Perhaps the Space Shuttle is intended to bolster the beliefs of
these backsliders. Whatever its purpose, Johnson is convinced that it is not
intended to actually fly. Because it was built and tested almost in his back
yard, he knows many people who worked on it. What they've told him about some
aspects of its construction only reinforces his convictions.

“They moved it across the field,” he sneers, “and it almost fell
apart. All those little side pieces are on with epoxy, and half fell

The Shuttle had other problems besides heat resistant tiles that
wouldn't stick. For instance, when the testers tried to mount it on a 747 for
its first piggy-back test flight, it wouldn't fit.

“Can you imagine that?” chortles Johnson. “Millions of dollars
they spent, and it wouldn't fit! They had to call in a handyman to drill some
new holes to make the thing fit. Then they took it up in the air–and some more
of it fell to pieces.”

If the Shuttle ever does orbit on its own, it's supposed to
return to Edwards Air Force Base. To Johnson, that's appropriate enough.

“Do you know what they're doing at Edwards right now?” he asks.
“'Buck Rogers in the 25th Century' is made right where they claim they're going
to land the Shuttle. Edwards is strictly a science-fiction base now.

“Buck is a much better science program, considerably more
authentic. In fact, I recommend that the government get out of the space
business and turn the whole thing over to ABC, CBS, and NBC. The tv networks do
a far superior job. They could actually pay the government for rights, and it
wouldn't cost the taxpayers a penny.”

Flat Earth Society members are working actively to bring the
Shuttle charade to an end. They hope to force the government to let the public
in on what the power elite has known all along: the plane truth.

“When the United States declares the earth is flat,” says
Charles Johnson, “and we hope to be instrumental in making it do so, it will be
the first nation in all recorded history to be known as a flat-earth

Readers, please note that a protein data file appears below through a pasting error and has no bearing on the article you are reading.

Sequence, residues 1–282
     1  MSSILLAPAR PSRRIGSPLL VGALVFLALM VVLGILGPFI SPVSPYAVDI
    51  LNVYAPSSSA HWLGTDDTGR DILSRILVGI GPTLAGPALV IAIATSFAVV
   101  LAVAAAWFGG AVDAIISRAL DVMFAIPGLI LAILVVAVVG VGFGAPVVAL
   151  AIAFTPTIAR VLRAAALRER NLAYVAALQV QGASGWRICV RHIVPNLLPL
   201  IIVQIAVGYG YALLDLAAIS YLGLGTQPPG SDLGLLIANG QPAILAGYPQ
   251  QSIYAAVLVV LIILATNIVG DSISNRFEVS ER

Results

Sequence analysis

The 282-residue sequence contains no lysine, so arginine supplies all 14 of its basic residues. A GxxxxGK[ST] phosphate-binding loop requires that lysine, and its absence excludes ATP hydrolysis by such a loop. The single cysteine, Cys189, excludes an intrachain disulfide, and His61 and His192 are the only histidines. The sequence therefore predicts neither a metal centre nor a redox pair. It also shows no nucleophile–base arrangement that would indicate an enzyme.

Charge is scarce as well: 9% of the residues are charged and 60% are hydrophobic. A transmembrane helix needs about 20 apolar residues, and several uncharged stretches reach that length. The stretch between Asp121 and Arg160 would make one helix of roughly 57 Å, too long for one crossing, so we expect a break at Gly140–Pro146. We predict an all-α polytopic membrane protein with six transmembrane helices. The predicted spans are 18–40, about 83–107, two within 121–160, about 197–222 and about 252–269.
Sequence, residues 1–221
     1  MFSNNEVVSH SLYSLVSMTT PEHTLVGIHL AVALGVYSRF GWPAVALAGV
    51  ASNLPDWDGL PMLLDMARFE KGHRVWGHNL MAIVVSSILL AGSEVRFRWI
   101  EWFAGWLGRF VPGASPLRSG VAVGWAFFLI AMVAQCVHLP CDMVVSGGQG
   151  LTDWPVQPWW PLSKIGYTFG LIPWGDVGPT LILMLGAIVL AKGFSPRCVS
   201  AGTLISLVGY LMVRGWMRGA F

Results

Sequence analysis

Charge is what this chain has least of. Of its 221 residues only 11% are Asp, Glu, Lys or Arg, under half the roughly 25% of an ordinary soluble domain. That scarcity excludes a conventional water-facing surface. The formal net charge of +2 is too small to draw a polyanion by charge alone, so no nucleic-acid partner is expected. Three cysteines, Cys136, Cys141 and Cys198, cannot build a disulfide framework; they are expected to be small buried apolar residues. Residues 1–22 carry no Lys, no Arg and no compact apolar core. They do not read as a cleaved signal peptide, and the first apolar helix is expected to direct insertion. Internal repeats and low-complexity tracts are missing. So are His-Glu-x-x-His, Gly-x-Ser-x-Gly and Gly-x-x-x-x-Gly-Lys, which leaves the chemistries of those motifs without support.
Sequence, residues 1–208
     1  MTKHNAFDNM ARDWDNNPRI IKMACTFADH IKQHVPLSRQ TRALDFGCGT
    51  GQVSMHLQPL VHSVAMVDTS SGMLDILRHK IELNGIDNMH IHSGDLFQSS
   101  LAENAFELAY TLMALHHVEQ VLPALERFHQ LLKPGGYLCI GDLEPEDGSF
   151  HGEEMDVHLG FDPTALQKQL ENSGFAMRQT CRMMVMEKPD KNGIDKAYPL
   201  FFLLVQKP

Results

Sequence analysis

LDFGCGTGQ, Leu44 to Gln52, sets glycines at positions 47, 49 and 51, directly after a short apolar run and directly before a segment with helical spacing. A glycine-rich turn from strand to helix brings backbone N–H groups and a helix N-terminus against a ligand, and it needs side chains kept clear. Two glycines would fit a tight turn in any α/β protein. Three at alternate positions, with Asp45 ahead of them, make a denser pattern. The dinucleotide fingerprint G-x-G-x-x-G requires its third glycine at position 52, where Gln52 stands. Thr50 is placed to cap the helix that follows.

“In the old days, people believed the earth was flat, because
it's logical, but they didn't have a picture of the way it was, as we have
today. Our concept of the world is new.

“Marjory and I are the avant garde. We're way ahead of
the pack.”

– The end –

Postscript: Much has changed since I wrote this
article, both in the world at large and in Charles Johnson's life. In late
September 1995, the Johnsons' venerable high-desert home caught fire. Charles
managed to pull Marjory, by then a semi-invalid on supplemental oxygen, to
safety, but everything else in the house was destroyed–their personal
possessions, the Flat Earth Society library and archives, the membership list,
everything. Having no fire insurance, the Johnsons were unable to rebuild. A
dilapidated old house trailer, bought as a storage shed, survived the fire, and
they took refuge there. A few months later, Marjory fell and broke a hip. She
survived hip replacement surgery but never recovered her strength. On May 16,
1996, she died.

The Flat Earth Society lives on, still doing business at Box
2533, Lancaster, CA 93534. Charles Johnson has immersed himself in rebuilding
the membership roster. Publication of the Flat Earth News, in hiatus
since 1994, will resume with the December 1996 issue.